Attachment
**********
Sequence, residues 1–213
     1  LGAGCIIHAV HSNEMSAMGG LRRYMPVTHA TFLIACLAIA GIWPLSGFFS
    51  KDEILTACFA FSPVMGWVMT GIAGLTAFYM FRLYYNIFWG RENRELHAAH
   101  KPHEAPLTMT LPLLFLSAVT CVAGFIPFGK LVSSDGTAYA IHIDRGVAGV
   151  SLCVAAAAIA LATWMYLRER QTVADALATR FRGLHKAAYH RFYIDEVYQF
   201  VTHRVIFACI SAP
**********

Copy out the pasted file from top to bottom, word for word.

Sequence, residues 1–213
     1  LGAGCIIHAV HSNEMSAMGG LRRYMPVTHA TFLIACLAIA GIWPLSGFFS
    51  KDEILTACFA FSPVMGWVMT GIAGLTAFYM FRLYYNIFWG RENRELHAAH
   101  KPHEAPLTMT LPLLFLSAVT CVAGFIPFGK LVSSDGTAYA IHIDRGVAGV
   151  SLCVAAAAIA LATWMYLRER QTVADALATR FRGLHKAAYH RFYIDEVYQF
   201  VTHRVIFACI SAP